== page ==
Frontera Computational Science Fellowships

2020-2021 Fellowship Awardees


Welcome to TACC’s five inaugural Frontera Computational Science Fellowship awardees for 2020-2021. The program provides a year-long opportunity for talented graduate students to compute on the most powerful academic supercomputer in the world and collaborate with experts at TACC.

 


Maureen Kitheka

School: State University of New York at Binghamton
Field of Research: Computational Chemistry

Why did you become a scientist?

I have always loved the sciences from a young age, and knew I wanted a career path that would enable me to have a positive impact on society. In high school, I was introduced to organic chemistry and its applications in the pharmaceutical industry. The vast applications that chemistry has made me want more knowledge on the subject. It was then that I realized that I wanted to be a chemist.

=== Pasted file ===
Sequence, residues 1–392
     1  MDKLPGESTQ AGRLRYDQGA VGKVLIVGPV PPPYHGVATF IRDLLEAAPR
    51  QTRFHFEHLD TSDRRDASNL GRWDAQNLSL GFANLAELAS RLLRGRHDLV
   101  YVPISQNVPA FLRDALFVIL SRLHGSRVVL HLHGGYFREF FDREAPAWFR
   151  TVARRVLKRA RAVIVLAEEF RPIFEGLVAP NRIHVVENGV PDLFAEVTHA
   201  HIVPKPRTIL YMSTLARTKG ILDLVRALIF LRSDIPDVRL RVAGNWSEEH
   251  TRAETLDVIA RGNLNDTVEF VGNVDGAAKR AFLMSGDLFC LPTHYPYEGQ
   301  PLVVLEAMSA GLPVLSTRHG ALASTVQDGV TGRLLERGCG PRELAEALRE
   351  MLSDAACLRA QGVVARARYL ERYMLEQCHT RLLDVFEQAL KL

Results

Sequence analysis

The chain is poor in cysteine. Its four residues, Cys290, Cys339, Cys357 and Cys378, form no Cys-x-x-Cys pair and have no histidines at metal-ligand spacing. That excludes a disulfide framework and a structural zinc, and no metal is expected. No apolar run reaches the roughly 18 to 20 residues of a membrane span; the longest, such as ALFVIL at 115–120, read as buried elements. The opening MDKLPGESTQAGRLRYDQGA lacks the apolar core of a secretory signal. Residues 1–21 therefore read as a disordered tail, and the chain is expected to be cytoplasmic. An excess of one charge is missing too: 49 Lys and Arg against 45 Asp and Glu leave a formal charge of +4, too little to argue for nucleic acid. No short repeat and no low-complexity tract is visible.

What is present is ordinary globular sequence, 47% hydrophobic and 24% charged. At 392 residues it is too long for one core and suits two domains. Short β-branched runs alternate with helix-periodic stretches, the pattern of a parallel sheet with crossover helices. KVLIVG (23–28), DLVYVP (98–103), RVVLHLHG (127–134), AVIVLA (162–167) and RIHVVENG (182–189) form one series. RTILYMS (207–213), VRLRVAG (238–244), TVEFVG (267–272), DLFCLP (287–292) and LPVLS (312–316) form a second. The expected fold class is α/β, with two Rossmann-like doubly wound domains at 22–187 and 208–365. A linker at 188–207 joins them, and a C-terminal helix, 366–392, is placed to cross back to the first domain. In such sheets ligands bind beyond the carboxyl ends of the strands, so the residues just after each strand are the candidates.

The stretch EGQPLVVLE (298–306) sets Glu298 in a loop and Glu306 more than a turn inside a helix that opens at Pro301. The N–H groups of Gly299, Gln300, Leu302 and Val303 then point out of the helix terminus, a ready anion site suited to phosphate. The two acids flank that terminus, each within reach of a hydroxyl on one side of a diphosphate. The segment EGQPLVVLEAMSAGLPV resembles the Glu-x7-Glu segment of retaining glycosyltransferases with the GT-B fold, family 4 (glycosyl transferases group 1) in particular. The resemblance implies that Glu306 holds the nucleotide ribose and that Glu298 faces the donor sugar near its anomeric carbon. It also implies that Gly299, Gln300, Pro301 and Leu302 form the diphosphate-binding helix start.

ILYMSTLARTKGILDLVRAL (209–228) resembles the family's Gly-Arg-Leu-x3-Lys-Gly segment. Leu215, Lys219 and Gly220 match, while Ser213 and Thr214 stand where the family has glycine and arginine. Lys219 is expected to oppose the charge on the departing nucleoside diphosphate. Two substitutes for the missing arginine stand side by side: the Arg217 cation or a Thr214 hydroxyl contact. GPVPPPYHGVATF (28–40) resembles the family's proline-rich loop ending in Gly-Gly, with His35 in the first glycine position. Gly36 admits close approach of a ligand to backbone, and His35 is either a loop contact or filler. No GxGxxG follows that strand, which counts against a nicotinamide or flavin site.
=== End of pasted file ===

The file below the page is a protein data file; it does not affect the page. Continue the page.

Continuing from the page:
What is your favorite aspect of your research?

I’m passionate about my research. My favorite aspect is being able to explain factors that have remained elusive through experimental studies. I study the mechanism of charge storage in crystalline quinones using molecular dynamics and density functional theory-based computational methods, which cannot be explained using experimental methods only.

What excites you most about working on the Frontera supercomputer?

Frontera will enable me to investigate fundamental questions related to the mechanism of charge transport in crystalline quinones. These materials are becoming increasingly important as electrode materials in energy storage devices. An understanding of the charge transport mechanism will greatly advance this field by allowing appropriate rational design of electrodes and cells. Frontera is the fastest academic supercomputer in the world, and I’m excited to be part of this incredible team.